The Medicare Payment and Advisory Commission (“MedPAC”) recently recommended that “For fiscal year 2022, the Congress should eliminate the update to the 2021 Medicare base payment rates for hospice and wage adjust and reduce the hospice aggregate cap by 20 percent.”
Our exposure to hundreds of hospices annually clearly indicates that the number of hospices exceeding the CAP continues to grow. According to MedPAC, “In 2018, about 16 percent of hospices exceeded their CAP.” We expect the number of hospices exceeding the CAP for the 2018 CAP Year to exceed MedPAC’s estimate of 16%. Even so, it is apparent that MedPAC is encouraging the government to use the CAP as a means for penalizing hospices that are reporting, in their opinion, excessive Medicare margins (payments over costs) created primarily because of long episodes of care. Based on the MedPAC report, the following summarizes hospice episodes of care by length:
Episodes 5 days or less 25%
Episodes of 6-18 days 25%
Episodes of 19-85 days 25%
Episodes of 86-265 days 15%
Episodes of 266 days or more 10%
MedPAC estimates that the modification to the CAP would cause 28% of hospices to exceed the CAP, thereby generating a 3.2% reduction in Medicare payments, assuming no changes in utilization. While such a change would generally affect hospices with higher margins, before repayment of the CAP liability, the change would also significantly impact many rural providers unable to survive payment reductions that would result.
The MedPAC Report also provides discussion regarding the establishment of multiple routine home care rates covering days 1-7, days 8-14, days 15-30, days 31-60, and days 61+. Under such an alternative payment structure, payments would increase for the first 7 days, remain the same for days 61+, and decrease for all other groups. The Report also discusses the merit of making a payment adjustment for very long hospice stays and the establishment of episodic payments rather than a daily payment.
The Report refers to the 2018 margins of hospices exceeding the CAP at 21.8%, but then makes the point that, after repaying the CAP, the margins are 10.1%. This means margins are not 21.8%, rather they are 10.1%. It is important that Congress understand that reducing the CAP by an arbitrary 20% will have significant financial consequences to many hospices and will negatively impact access to care for many patients. This is not the proper approach to address excessively long hospice episodes of care. Rather this approach is not different than penalizing an entire group based on the actions of one member of the group.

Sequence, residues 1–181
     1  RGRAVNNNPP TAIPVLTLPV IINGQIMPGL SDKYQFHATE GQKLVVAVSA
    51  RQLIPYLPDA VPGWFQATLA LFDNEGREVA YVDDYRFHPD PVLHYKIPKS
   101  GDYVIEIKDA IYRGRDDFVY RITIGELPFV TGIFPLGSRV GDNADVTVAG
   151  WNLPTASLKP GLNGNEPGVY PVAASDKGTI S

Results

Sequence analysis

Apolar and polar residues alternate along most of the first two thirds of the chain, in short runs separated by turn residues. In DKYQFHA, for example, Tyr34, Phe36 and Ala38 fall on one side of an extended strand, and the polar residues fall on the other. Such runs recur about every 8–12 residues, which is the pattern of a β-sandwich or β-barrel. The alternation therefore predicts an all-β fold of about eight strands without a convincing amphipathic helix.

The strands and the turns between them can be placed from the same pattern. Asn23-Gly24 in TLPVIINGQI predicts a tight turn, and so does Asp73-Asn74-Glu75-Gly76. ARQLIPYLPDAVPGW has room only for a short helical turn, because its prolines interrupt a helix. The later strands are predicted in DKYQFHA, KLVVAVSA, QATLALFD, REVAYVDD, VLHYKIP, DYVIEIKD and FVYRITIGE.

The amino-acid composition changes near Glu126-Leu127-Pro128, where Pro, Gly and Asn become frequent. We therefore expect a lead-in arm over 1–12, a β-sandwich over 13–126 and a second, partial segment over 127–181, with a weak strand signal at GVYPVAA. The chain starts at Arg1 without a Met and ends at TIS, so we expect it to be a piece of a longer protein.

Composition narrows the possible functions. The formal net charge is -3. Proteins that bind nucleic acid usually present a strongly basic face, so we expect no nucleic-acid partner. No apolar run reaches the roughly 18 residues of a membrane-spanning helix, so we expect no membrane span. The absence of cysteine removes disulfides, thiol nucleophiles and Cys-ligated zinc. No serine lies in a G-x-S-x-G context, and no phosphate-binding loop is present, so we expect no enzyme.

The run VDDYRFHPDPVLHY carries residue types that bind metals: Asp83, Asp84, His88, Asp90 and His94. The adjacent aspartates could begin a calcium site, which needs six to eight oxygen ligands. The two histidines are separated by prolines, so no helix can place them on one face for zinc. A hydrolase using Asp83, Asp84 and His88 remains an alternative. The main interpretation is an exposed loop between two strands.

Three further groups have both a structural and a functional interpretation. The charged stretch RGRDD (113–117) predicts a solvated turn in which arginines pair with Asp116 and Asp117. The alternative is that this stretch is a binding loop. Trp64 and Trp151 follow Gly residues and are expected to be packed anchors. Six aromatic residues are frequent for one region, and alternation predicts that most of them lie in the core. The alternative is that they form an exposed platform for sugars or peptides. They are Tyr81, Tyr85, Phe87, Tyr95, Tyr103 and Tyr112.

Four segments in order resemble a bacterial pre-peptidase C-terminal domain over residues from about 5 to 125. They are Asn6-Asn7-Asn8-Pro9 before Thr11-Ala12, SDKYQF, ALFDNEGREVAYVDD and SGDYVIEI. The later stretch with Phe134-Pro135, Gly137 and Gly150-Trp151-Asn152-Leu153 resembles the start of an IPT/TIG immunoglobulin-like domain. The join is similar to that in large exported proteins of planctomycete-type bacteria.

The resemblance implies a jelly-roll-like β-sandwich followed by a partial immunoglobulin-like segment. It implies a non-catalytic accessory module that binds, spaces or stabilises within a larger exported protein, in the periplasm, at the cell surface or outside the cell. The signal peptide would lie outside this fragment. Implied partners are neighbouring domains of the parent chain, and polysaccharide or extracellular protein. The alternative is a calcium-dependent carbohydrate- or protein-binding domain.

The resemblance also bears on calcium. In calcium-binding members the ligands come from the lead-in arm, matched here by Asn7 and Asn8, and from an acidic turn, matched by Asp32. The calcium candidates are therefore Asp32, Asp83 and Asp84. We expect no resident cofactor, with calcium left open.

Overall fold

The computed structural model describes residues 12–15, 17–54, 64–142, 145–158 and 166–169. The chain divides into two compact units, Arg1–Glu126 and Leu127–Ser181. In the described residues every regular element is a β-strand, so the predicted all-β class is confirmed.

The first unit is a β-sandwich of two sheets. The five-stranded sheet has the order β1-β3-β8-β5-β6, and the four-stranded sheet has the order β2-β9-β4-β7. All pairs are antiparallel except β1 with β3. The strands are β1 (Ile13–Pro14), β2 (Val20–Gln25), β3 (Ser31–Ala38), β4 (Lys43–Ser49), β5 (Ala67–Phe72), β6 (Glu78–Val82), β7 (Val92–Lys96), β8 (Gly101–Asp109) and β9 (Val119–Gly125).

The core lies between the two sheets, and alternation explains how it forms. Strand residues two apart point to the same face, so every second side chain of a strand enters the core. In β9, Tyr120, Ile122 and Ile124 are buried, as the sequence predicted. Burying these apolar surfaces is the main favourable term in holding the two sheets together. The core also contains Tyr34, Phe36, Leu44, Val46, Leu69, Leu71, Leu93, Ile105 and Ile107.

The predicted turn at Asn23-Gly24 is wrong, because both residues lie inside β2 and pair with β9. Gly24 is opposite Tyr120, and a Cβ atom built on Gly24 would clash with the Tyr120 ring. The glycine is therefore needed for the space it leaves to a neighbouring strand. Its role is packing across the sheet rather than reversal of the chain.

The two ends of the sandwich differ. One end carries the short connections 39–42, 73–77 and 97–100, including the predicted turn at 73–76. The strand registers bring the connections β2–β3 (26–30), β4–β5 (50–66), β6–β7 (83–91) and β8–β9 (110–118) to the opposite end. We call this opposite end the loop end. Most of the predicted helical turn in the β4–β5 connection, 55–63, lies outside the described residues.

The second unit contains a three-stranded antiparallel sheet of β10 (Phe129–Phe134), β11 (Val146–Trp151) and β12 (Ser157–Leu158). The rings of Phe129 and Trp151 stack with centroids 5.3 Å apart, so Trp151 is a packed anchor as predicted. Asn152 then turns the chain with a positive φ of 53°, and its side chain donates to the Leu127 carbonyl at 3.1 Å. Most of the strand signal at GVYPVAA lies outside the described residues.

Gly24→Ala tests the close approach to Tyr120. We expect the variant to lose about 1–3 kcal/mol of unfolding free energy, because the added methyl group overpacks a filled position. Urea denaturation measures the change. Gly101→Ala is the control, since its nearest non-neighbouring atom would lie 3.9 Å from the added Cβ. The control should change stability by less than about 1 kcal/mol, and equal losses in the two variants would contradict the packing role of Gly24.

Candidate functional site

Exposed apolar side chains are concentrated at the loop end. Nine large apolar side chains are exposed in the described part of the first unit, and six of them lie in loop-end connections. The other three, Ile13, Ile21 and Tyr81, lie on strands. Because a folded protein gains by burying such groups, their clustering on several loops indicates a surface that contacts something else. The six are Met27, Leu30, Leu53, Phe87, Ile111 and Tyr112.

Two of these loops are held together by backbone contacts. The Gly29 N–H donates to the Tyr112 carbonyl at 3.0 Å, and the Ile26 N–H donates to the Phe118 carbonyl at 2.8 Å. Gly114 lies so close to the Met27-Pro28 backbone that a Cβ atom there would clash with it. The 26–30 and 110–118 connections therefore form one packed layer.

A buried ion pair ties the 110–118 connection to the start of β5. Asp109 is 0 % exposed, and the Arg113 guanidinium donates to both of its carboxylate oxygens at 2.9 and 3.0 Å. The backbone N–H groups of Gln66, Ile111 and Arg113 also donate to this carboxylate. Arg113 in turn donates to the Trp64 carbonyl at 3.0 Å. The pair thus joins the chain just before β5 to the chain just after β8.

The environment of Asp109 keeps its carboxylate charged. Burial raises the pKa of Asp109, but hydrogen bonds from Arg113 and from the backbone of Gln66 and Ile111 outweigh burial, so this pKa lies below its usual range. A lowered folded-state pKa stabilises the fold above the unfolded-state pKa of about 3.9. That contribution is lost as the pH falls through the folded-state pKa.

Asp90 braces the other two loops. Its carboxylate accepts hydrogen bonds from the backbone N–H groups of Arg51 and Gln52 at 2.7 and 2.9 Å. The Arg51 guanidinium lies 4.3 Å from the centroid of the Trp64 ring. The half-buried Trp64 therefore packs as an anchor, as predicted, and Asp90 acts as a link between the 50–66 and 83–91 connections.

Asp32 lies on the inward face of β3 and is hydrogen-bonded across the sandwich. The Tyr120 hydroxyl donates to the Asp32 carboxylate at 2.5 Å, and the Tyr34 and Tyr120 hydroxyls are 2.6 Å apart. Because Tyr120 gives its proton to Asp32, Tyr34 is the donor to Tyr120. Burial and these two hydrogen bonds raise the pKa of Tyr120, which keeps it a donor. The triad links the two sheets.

There are many other forms of payment reduction and/or modification that would focus on the problem of excessively long episodes of care, and the margins these episodes may generate, rather than potentially penalizing all hospice providers.
Geographical adjustment to the CAP, with some phase-in period is justifiable and eliminates the discriminatory nature of the CAP itself; however, any such change must be transparent in calculation.
We encourage hospices to familiarize themselves with the MedPAC Report to Congress.
HOSPICE FINANCIAL MANAGEMENT ACADEMY SCHEDULED
The Health Group, LLC has scheduled to return to live programming on September 13-14, 2021 with the Hospice Financial Management Academy. This program will be held at the Paris Hotel & Casino, Las Vegas, Nevada. There will be limited attendance. More details will be forthcoming; however, expect significantly expanded CAP discussion including hands-on monthly monitoring of CAP and potential CAP liabilities.